Each month in Food, Nutrition & Science, we feature an article by a dietitian. This month's contribution on Prediabetes comes from Hope Warshaw.
Hope Warshaw, MMSc, RD, CDE
Take the U.S. stat alone. This diagnosis, yes it’s a diagnosis, affects nearly 80 million Americans, and the number is on the uptick due, in part, to our obesity epidemic. According to Centers for Disease Control and Prevention (CDC), that’s 35 percent of American adults over 20 years of age, 50 percent of adults over 65! These stats are downright scary. Prediabetes is the telltale sign that a person is on the road to type 2 diabetes. Research shows roughly 70 percent of people progress to type 2 diabetes.
Yes, this is a health epidemic! Yes, it’s November, American Diabetes Association’s Diabetes Month and an opportune time to raise awareness about prediabetes.
Two supermarket dietitians, who also hold the credential of Certified Diabetes Educator (CDE), confirm the skyrocketing numbers just by listening and responding to customer inquiries in their supermarkets. “We hear daily from people who say they have prediabetes and want to do what it takes to prevent type 2,” says Jodi Schweiger RD, CDE, Diabetes Program Coordinator with Hy-Vee Supermarkets. “We’re fielding more questions from people with prediabetes and the family members who shop and cook for them,” says Kim Kirchherr, MS, RD, LDN, CDE, Corporate Dietitian for Jewel-Osco and related supermarket chains.
But Schweiger and Kirchherr reveal that people with prediabetes, or their supermarket emissaries, are confused. “Many people still think that sugary foods and sweets are their nemesis and focus their eyes straight at the “sugars” line on Nutrition Facts panels. They haven’t a clue that the term “sugars” includes both naturally occurring plus added sugars and that the total carbohydrate count is a place to focus their attention,” says Kirchherr.
Schweiger encounters many people who’ve searched the Internet and come away thinking they can’t eat carrots, should buy products recommended by Dr. Oz or follow an Atkins-style diet. Both Schweiger and Kirchherr agree that people with prediabetes need evidence-based, easy-to-follow recommendations.
So, what are they?
It’s not skip the starches and say no to sweets!
Studies conducted around the globe over the last twenty plus years, including the famed U.S. based National Institutes of Health Diabetes Prevention Program trial, have repeatedly echoed consistent advice. Goal one: shed some pounds – about 5 to 7 percent from a person’s starting weight – to lower blood glucose and blood pressure and correct abnormal lipids. The long term goal is to help people change their eating habits and increase their physical activity (ideally 30 minutes nearly every day) to keep as many of these pounds off as possible. To lose weight people should taper their calorie count by reducing portions of sugary food and drinks, eat less fats and oils (especially saturated and trans fats), choose lean protein foods and minimize the serving sizes, and increase their consumption of vegetables, fruits, fiber-filled whole grains and low fat dairy foods. Yes, recommendations absolutely in sync with our Dietary Guidelines for Americans.
One more critical message: ACT NOW – as soon as the diagnosis is made. Why? Research shows that the earlier in the course of the progression from prediabetes to type 2 a person takes action, the greater the odds that they’ll prevent type 2 or slow the progression.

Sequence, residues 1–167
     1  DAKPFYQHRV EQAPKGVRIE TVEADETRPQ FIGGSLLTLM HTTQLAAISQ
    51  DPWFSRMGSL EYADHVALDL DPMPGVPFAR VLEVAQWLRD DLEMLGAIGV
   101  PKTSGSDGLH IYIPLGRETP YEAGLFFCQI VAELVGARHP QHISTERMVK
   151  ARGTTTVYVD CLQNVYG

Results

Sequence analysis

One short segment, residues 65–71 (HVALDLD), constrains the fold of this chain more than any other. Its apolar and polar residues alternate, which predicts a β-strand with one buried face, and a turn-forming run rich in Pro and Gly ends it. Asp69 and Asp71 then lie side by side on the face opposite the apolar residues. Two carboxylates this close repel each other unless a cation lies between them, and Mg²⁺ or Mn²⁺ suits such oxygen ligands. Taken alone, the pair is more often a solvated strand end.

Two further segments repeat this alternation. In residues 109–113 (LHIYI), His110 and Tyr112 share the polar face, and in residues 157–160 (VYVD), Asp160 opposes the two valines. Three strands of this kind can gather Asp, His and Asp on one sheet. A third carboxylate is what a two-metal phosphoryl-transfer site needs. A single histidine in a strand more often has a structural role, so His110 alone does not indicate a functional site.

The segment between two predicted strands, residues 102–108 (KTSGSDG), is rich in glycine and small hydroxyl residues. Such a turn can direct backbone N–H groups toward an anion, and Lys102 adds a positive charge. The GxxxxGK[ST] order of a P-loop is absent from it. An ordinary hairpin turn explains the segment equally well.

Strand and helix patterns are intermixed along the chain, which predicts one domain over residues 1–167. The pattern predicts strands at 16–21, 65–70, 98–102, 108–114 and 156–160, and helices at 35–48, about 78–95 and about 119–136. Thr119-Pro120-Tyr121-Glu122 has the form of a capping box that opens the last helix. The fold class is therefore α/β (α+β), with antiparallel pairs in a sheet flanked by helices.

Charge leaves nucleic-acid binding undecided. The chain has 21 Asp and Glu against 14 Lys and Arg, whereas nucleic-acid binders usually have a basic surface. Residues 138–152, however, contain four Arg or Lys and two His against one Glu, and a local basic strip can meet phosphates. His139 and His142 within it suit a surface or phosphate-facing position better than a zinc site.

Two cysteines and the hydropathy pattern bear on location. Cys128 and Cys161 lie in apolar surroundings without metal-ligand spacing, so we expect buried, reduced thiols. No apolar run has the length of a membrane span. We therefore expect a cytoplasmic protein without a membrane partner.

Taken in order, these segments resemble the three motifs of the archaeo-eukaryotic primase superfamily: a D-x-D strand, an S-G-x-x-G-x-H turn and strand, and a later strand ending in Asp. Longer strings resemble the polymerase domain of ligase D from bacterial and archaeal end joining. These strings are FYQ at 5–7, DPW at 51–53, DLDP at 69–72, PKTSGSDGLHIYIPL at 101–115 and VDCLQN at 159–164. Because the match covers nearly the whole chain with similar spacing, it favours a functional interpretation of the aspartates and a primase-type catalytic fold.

Though awareness of prediabetes is rising, a significant challenge is that relatively few people know they have it. According to a CDC conducted study, less than 10 percent of the 80 million people estimated to have prediabetes know it.
Who’s at high risk? People with a family history of type 2 diabetes. People who are overweight. Women who’ve had gestational diabetes or large babies.
One reason there could be more buzz about prediabetes in the supermarket aisles is a recently launched CDC program – the National Diabetes Prevention Program. It was put in motion with the passage of the Affordable Care Act (“Obamacare”) to prevent the progression from prediabetes to type 2 in people at high risk of type 2. People enroll in a year-long group-based program facilitated by a trained lifestyle coach with the goal of trimming off a few pounds through healthy eating and increased physical activity. The CDC program aims to raise awareness of prediabetes among citizens, health care providers, insurers and employers.
Kirchherr and Schweiger concur – the supermarket is the perfect setting to teach people with prediabetes and their loved ones. “I’m by their side when they’re selecting their foods,” says Schweiger. When counseling people with prediabetes, Kirchherr calls the timing and portions of meals and snacks priority one. Total calories, saturated fat and lightening up on sodium are a close second because the leading cause of complications and death in people with type 2 diabetes is heart disease and high blood pressure. Schweiger, who’s been instrumental in getting an accredited into her Hy-Vee store for Diabetes Self-Management Training programpeople with diabetes, encourages people with prediabetes to set up an appointment to develop a personalized eating plan and goals. Then to stay in close touch as they put their lifestyle changes into action.
Yes, these dietitians are 100% behind the growing trend of putting RDs who are also CDEs right where customers with prediabetes and diabetes need them – in the supermarket aisle.
Hope Warshaw, MMSc, RD, CDE, is a dietitian, diabetes educator, writer and author of numerous books published by American Diabetes Association including Diabetes Meal Planning Made Easy. Visit her website at hopewarshaw.com. Follow her on twitter at: @hopewarshaw. Like her at: facebook.com/eathealthylivewell.